Just spent a week rowing for science, with my Jack's Flyer Cat rigged as a mobile instrument platform.
The staff in front has an echo sounder at the base, for measuring depth, with a data logger in the yellow pouch and a GPS rover at the top. We set up a GPS base station on a hill overlooking the upper Snake River that allowed us to map the channel and features in RTK (real-time kinetic) mode, with great accuracy.
We were towing a Doppler current profiler on its own little trimaran (note the custom lodgepole spar, which I found on the shore of Jackson Lake). We also had a second GPS rover and three handheld controllers to operate the devices and log data, so we could both survey at the same time.
We did continuous channel profiles from Pacific Creek to Moose and two days of insanely detailed mapping of a full meander and two large point bars.
I started with this sort of work in the days of optical levels, chains, and stadia rods. Given that gear, it would have taken a crew of three or four a couple strenuous weeks to log the same amount of survey data. The continuous channel profiles wouldn't have been possible, nor would the cross-sections we logged in places where the river was too deep and the current too strong for wading.
I'd grab roots or stick oars in the bed to hold us while Carl keyed up the equipment. Then I'd row like a bloody Viking to keep a straight course to the other bank, which was mostly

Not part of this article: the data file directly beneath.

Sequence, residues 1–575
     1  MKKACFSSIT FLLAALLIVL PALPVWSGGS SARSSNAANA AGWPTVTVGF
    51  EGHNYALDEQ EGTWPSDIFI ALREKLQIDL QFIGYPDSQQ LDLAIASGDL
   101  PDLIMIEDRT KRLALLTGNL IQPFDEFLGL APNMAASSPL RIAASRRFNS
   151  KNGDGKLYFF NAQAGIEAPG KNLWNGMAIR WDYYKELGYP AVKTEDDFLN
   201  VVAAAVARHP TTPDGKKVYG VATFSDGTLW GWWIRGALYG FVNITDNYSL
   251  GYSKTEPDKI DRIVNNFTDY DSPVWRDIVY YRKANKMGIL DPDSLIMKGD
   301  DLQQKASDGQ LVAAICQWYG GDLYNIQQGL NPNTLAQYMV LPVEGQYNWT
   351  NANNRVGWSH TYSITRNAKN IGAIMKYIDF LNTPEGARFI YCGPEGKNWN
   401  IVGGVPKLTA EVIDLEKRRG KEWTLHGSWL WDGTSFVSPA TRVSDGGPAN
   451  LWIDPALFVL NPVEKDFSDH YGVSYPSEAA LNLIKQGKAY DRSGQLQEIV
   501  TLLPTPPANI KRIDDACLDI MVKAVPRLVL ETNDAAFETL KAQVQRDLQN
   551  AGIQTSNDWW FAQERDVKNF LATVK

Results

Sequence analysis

There were some wild thunderstorms. This is how it looked just before we got big thunder, crazy lightning, and wind-driven rain.
There's so much boat traffic on the upper Snake that large mammals avoid the river in daylight (except for bison). But at night and in the early hours, the critters are active. Here are the tracks of a big beaver (I think), an elk calf, and a wolf, with a size 13 Chaco-print for scale.
Given the setup and troubleshooting time for the GIS stuff, we'd leave the research station at 8:30, set up, do the shuttle, get on the river about 11 am, and pull off around 8 pm. (That's the longest time I've rowed a boat without a beer in ten or fifteen years.)
But I was amazed how well the high-tech gear was suited to mapping and surveying with a boat as both the instrument platform and the means of transport.
Some scientists are also skilled boaters, but most are not. So let this be a nudge to think of ways you can use your boating skills to help out scientists on channel mapping, wildlife surveys, pollution tracking, etc.